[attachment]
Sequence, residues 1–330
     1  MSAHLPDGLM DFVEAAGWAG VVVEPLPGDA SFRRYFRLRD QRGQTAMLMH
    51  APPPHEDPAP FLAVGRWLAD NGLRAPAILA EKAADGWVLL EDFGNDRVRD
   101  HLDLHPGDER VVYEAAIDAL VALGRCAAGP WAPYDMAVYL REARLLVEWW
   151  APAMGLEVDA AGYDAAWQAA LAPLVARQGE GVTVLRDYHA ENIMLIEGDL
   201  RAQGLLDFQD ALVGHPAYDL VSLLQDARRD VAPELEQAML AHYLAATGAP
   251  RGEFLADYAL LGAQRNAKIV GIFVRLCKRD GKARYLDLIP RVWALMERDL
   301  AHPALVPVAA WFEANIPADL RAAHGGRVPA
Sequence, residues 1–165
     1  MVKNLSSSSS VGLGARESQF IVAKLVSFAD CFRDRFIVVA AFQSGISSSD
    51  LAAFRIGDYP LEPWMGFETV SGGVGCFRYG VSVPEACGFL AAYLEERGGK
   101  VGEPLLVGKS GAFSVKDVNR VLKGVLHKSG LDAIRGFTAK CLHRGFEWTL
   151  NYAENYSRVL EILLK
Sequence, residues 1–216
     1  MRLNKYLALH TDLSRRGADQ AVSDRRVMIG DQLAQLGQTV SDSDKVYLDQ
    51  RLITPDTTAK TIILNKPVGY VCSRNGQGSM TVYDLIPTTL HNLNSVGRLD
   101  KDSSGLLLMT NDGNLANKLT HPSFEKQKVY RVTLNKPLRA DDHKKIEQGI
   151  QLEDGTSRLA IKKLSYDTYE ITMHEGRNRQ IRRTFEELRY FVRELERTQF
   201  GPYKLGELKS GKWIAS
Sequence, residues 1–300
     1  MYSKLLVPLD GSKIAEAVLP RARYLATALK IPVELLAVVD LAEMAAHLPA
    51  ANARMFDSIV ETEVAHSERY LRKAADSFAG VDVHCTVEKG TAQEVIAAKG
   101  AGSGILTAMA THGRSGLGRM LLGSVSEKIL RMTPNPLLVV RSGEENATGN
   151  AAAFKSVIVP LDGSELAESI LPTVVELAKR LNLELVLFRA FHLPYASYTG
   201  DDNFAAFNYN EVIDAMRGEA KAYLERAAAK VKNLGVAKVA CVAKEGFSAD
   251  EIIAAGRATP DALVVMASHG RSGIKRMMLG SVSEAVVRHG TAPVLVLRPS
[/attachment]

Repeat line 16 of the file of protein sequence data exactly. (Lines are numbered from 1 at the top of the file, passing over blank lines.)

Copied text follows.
    51  RLITPDTTAK TIILNKPVGY VCSRNGQGSM TVYDLIPTTL HNLNSVGRLD